The historic town of Mannum on the west bank of the Murray River in South Australia is celebrating the WW2 service of some of its much loved residents in the lead up to the 75th anniversary of the end of hostilities.
Among them is Rhonda Frick, who was born on March 28, 1925, and answered the call to duty in WWII, enlisting in November 29, 1943 at the No 6 Service Flying Training Schools RAAF.
The No 6 was a flying training school of the Royal Australian Air Force (RAAF) which was located at Mallala, South Australia.
Rhonda served as a member of the WAAAF, in transport, and drove trucks to pick up stores in Adelaide as well as manning ambulances and fire trucks.
On the fire truck she was stationed at the runway with three males, sitting for eight hours at a time while planes with trainee pilots practiced take off and landings.
Rhonda was a very small lady and people were not quite sure how she reached the pedals.
She was discharged on November 21, 1945.
Rhonda married Corporal William Frick, 33rd Garrison Parade.
She is now a valued member of the Returned and Services League, Mannum branch.
Women in war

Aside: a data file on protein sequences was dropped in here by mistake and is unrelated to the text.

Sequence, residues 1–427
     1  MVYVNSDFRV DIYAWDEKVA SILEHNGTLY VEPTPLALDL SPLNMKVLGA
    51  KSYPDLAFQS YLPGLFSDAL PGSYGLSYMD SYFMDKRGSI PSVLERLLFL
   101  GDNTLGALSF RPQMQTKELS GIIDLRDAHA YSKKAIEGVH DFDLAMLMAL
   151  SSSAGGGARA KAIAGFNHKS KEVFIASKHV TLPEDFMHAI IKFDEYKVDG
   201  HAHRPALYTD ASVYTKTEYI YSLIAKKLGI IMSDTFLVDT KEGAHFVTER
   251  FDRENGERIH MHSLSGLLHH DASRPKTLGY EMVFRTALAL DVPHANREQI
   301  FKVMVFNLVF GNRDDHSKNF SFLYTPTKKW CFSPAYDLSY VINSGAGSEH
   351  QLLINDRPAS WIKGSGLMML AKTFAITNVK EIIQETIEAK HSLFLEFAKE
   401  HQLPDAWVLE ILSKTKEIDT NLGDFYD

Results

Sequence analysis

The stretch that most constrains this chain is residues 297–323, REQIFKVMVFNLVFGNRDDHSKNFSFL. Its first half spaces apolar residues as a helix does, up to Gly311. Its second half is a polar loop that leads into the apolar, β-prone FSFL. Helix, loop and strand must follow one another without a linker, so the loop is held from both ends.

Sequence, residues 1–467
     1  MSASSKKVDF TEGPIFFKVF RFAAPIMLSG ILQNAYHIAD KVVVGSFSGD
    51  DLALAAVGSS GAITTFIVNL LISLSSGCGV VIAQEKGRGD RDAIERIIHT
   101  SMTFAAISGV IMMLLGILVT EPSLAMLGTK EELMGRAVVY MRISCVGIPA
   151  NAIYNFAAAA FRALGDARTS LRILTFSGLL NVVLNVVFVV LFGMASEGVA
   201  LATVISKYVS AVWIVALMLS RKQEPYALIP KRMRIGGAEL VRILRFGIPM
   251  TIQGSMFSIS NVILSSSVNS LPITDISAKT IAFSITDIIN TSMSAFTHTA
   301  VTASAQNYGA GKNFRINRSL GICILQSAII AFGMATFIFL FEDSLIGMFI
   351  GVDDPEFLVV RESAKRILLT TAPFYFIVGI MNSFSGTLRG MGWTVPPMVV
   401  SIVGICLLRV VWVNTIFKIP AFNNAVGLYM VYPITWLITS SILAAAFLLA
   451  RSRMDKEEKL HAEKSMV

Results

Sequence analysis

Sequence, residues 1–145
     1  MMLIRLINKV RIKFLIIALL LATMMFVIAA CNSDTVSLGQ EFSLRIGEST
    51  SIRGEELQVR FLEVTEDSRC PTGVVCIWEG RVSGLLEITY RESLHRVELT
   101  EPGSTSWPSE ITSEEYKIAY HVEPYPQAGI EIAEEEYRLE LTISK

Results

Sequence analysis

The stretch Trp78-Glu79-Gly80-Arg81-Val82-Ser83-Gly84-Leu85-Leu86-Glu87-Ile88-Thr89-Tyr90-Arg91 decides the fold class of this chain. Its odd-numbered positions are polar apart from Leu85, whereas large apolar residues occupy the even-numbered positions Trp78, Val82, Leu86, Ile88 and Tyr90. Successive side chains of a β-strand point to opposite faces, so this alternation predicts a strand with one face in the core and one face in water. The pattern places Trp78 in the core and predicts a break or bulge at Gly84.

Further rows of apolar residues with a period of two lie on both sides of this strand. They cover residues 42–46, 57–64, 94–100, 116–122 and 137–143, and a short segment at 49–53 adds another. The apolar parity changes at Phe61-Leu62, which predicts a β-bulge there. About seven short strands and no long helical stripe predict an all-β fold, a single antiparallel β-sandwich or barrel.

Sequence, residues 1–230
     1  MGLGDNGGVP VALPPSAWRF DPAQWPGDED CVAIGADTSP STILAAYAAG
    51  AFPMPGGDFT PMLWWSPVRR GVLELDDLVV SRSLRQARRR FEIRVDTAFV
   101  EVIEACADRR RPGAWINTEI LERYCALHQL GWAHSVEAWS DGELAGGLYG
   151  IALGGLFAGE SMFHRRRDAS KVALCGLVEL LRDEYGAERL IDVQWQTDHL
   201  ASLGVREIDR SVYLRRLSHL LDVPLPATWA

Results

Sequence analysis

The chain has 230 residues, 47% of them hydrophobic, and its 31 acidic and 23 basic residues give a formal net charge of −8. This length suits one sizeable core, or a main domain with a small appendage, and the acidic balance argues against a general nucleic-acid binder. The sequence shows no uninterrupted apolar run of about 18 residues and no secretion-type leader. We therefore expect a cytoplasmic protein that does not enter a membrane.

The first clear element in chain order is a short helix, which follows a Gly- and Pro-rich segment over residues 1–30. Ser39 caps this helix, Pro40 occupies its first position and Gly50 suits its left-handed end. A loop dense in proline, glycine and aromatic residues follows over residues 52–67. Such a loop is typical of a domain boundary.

The Women's Auxiliary Australian Air Force (WAAAF) was to be the first women's service to be formed in Australia (excluding the nursing services) but members were disappointed that other than some official visits made by a few to New Guinea, the Solomon Islands, and Northern Territory they were not permitted to serve outside of Australia.
The WAAAF was formed in 1941 after considerable lobbying by women keen to serve and by then the Chief of Air Staff wanted to release male personnel serving in Australia for service overseas.
The WAAAF was the first and largest of WWII Australian Women's Services.
During the early years of the War, the necessity to make use of women in many avenues of employment became apparent.
Recruitment expanded after Japan entered the war in December 1941 as the defence services recommended the greater employment of women in order to release men for operational duties.
By the end of 1941 some 1500 were serving. This grew to a peak of 18,667 officers and airwomen by October 1944.
Airwomen were accepted into 73 different musterings (trades), including highly skilled technical employment on aircraft, as well as armament workers, meteorologists, electricians, fitters, as well as clerical, medical, signals, transport, radar and other fields of employment.